not for the glory of it. Millions more have played it in mediocre or poor fashion–but possess the same
    love for baseball as do/did the HOF inductees.
    Let’s “get over” ourselves and realize that those
    in the Hall are peer-reviewed and approved as such,
    and that’s all there is to it; even the souls that
    miss HOF induction, for whatever reason, should
    eventually realize that it is JUST A GAME and that
    your value as a human will hopefully be known by
    some other measure; no matter what your age, your
    temple of worship should NOT be Cooperstown, but in
    a more appropriate place where praise and thanks can
    be rendered unto the God which blessed some of us
    with more game-playing talent(s) than others.

  10. Clark wrote:

    “even the souls that
    miss HOF induction, for whatever reason, should
    eventually realize that it is JUST A GAME and that
    your value as a human will hopefully be known by
    some other measure; no matter what your age, your
    temple of worship should NOT be Cooperstown”

    BLASPHEMER!!!!!!!!!!!!!!!!!!!!!!!!!!!!!!

  11. My problem with capping the HOF and removing players is that as the years pass some of the best players from previous eras will either gain legendary status or lose favor among HOF voters (rightfully or wrongfully) as they become distant memories. Therefore, it would be a sham to remove an outfielder from the 1800’s or early 1900’s from the Hall just because a voter does not understand their significance to the game over 100 years later.
    Does this mean many of the players currently enshrined are more deserving of other players from a bygone era just because they had enough votes to become voted in? In many cases no and as time passes many deserving players of a bygone era will never gain enshrinement into the Hall. But, I like the system currently used much more than say the Rock And Roll Hall of Fame that votes in many individuals from the Rock and Roll past that are from the fringes but are voters favorites while leaving out many individuals that are more deserving based on the criteria selected for enshrinement.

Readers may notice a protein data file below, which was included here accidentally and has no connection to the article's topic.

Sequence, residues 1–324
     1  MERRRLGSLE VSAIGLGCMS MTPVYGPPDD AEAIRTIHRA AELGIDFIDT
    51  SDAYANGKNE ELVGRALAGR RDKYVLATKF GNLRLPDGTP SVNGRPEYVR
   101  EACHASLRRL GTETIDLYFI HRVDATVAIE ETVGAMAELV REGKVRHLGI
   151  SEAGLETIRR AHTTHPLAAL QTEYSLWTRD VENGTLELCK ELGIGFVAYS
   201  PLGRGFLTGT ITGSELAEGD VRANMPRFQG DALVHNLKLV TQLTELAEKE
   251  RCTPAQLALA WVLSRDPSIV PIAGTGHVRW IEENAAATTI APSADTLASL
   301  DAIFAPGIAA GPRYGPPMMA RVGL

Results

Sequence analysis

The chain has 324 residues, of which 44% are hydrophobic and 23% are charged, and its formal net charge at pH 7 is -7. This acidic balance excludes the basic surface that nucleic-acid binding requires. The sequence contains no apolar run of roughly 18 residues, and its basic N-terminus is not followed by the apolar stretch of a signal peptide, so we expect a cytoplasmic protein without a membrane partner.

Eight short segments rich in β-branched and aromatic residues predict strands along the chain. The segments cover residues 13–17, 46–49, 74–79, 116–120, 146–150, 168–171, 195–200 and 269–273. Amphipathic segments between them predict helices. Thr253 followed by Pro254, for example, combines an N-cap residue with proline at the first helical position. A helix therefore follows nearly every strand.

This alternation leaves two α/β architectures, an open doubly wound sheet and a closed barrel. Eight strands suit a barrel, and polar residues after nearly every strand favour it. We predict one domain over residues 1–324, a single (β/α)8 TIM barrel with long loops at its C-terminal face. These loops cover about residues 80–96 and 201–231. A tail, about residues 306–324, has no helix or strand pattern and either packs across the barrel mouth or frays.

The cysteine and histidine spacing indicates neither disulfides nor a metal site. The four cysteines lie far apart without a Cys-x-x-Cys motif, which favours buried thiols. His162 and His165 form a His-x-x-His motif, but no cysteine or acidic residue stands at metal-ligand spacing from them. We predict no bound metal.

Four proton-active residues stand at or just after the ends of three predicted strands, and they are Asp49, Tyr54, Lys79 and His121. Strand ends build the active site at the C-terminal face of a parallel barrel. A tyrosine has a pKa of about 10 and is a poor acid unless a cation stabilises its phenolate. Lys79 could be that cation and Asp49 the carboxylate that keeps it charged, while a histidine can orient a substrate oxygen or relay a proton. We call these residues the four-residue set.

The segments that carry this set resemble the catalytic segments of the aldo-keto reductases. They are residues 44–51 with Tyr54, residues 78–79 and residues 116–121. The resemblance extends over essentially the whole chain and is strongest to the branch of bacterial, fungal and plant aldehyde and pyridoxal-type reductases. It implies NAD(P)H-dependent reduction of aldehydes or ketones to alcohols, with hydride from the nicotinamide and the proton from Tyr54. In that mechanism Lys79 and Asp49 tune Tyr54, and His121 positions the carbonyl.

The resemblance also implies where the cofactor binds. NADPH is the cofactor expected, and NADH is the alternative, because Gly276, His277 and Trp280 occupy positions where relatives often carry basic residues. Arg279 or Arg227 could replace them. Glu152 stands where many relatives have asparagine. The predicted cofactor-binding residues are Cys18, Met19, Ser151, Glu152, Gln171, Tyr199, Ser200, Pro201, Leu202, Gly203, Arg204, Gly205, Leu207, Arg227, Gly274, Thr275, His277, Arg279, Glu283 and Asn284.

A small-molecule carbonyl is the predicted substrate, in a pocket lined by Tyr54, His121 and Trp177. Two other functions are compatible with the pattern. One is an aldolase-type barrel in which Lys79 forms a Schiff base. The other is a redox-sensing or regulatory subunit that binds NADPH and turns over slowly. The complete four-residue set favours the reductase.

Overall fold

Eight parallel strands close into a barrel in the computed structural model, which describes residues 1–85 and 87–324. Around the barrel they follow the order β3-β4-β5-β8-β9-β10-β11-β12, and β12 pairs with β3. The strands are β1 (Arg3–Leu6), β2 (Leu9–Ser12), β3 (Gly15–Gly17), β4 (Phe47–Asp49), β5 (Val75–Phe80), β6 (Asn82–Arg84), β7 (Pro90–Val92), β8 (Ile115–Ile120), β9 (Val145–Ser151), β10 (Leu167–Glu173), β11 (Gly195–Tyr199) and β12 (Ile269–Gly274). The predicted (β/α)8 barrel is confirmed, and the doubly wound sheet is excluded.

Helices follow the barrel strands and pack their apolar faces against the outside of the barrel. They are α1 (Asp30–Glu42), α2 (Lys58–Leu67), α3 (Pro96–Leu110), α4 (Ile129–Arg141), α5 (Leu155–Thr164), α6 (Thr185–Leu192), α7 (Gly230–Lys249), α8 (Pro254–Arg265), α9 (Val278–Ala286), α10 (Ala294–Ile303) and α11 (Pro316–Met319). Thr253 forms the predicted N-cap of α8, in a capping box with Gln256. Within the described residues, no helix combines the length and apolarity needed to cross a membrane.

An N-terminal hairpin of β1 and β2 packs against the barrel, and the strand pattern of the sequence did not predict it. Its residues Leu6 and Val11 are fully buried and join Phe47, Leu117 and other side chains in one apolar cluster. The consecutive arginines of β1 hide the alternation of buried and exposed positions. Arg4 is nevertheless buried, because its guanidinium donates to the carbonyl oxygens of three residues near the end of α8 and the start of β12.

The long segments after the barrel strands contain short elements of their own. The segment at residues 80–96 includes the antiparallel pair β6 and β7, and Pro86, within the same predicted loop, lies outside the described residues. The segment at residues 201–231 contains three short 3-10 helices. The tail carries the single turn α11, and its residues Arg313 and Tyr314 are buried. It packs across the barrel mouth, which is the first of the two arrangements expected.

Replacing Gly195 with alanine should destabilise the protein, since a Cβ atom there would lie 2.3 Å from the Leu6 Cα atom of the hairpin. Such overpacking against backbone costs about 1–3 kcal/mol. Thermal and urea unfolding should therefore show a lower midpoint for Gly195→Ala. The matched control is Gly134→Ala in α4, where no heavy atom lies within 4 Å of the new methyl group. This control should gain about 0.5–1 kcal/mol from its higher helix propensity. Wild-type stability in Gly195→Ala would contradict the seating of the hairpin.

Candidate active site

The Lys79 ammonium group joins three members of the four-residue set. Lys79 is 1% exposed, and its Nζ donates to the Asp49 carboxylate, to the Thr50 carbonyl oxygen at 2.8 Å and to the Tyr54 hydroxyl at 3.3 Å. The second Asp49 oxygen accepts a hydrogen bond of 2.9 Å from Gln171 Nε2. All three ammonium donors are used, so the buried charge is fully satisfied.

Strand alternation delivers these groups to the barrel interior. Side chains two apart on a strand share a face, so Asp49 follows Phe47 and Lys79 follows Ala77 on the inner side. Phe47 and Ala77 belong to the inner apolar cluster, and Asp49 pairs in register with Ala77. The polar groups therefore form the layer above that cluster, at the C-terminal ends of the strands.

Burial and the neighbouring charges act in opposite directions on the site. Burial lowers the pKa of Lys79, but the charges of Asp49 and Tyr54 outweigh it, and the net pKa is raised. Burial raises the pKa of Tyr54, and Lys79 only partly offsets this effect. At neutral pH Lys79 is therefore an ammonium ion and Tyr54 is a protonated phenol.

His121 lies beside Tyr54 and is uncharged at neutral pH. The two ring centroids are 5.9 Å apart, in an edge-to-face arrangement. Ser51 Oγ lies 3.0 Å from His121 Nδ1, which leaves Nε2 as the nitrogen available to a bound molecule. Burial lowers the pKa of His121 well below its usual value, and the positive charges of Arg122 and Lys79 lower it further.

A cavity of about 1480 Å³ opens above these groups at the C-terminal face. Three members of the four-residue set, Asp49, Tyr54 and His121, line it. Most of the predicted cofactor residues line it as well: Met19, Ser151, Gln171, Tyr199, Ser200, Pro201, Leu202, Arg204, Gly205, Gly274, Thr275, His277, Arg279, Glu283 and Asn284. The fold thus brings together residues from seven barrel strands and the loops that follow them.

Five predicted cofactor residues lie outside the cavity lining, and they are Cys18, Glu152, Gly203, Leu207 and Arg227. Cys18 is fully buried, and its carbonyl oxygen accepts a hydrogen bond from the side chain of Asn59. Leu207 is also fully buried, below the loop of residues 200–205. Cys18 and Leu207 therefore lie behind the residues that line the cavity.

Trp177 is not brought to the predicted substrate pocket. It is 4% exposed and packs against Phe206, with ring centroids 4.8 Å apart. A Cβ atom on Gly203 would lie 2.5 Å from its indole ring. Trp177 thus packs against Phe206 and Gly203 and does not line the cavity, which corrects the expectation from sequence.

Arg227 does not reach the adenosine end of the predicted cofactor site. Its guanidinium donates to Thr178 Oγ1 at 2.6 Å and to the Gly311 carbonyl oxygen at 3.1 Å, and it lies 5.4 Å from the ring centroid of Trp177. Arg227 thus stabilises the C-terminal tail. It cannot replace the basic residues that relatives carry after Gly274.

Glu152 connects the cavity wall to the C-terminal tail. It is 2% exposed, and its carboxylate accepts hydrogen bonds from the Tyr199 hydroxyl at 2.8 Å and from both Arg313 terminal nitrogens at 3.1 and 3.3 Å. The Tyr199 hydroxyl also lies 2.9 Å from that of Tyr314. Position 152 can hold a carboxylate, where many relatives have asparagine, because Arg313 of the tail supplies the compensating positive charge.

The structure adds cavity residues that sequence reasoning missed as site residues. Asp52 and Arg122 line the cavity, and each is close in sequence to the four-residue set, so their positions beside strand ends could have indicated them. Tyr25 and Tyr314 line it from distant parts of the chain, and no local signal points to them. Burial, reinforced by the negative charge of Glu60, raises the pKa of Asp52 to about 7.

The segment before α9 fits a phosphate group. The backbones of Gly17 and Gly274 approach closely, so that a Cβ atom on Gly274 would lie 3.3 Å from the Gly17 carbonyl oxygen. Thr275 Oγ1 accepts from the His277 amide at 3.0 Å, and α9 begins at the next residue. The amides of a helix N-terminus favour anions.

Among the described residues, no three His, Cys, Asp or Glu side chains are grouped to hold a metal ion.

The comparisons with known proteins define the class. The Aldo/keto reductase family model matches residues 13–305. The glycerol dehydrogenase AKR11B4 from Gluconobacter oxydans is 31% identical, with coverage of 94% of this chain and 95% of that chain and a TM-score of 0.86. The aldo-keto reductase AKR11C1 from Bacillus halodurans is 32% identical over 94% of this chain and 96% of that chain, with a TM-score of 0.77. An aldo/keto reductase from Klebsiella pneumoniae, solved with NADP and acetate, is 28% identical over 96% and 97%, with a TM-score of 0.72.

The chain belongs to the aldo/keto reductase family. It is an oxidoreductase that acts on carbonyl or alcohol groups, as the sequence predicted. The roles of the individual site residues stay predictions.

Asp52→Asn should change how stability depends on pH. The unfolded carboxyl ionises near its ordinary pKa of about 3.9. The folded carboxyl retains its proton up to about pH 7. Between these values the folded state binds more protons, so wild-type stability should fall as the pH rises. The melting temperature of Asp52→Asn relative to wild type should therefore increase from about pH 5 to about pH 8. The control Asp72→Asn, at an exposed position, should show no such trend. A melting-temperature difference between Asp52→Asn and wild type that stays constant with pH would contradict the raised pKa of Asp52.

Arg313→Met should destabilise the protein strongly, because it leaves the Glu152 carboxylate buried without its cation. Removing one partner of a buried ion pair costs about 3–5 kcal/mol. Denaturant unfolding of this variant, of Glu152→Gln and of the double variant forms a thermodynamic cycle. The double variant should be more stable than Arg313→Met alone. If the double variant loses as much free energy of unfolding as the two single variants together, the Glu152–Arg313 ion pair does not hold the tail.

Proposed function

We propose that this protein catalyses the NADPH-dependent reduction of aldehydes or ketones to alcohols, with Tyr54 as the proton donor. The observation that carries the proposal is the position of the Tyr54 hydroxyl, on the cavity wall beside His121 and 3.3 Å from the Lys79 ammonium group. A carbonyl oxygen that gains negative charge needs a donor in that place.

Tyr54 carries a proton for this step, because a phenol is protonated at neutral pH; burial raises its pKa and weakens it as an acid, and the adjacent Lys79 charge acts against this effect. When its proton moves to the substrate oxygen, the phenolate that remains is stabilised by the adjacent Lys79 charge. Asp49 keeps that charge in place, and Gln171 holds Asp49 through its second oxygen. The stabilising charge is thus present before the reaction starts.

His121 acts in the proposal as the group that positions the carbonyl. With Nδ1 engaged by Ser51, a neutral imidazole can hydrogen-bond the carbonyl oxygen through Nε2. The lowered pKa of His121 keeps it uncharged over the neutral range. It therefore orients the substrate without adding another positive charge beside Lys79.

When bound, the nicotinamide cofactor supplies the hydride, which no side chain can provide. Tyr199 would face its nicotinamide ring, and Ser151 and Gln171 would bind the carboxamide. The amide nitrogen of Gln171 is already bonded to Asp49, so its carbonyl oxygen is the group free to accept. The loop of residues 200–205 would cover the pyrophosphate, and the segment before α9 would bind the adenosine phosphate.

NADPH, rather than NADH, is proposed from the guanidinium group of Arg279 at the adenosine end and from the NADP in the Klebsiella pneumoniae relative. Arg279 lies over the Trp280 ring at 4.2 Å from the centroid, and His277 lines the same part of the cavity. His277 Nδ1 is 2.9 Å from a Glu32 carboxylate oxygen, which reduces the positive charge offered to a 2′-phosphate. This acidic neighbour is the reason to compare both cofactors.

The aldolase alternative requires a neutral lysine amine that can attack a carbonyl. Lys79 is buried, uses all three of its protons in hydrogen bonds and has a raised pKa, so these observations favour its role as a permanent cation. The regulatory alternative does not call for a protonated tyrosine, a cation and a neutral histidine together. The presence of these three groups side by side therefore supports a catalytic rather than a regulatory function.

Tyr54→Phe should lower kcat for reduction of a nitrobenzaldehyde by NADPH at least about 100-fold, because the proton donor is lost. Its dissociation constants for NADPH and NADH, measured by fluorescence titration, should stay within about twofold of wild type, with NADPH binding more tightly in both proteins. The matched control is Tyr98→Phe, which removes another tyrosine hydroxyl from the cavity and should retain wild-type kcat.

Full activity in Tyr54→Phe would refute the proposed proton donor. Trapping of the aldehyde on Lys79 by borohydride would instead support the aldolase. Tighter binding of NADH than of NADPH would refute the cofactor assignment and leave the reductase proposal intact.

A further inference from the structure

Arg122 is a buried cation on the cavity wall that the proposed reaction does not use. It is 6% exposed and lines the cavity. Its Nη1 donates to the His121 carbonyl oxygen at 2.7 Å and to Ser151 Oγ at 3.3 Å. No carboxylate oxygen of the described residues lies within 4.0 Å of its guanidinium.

12. No matter how you argue it; some of those players just don’t belong. It seems to me that the inclusion of certain players brings down the true honor of being in such a select group if that group is not so select.
    I don’t know the answer; I think using alongside the usual methods of selection, using some sort of the new stats of the day such as “WAR”, “RCAA”, “RSAA” could be used.Or you could just go to Bill James and let him select.

  13. The HOF needs to make it more difficult to get in as I agree that there are players in the HOF that really weren’t that great. It’s time to strengthen the criterion to get in and if some years it means ONE player (or manager, etc..) gets in then so be it.

  14. Bill James probably knows more about baseball and what constitutes a great player than nearly every member of the BBWAA. The fact that James doesn’t get a vote (at least so far as I know) astounds me.

  15. Putting a cap on the HOF would deny future players’ enshrinement unless the plan to vote out those whose careers were not of the Ruth or Mantle caliber. Voting out those who have already been enshrined, regardless of their supposed qualifications, is, in my opinion, grossly unfair to them. Allowing the fans to vote makes it a popularity contest, as the All-Star Game has become, rather than a true test of a player’s qualifications for the HOF. What’s wrong with allowing things to go along as they are now? Players are voted in according to the writers’ knowledge, and who would be better qualified to vote than those whose careers are spent studying baseball? (And if Bill James is a member of the BBWAA, then he does have a vote.)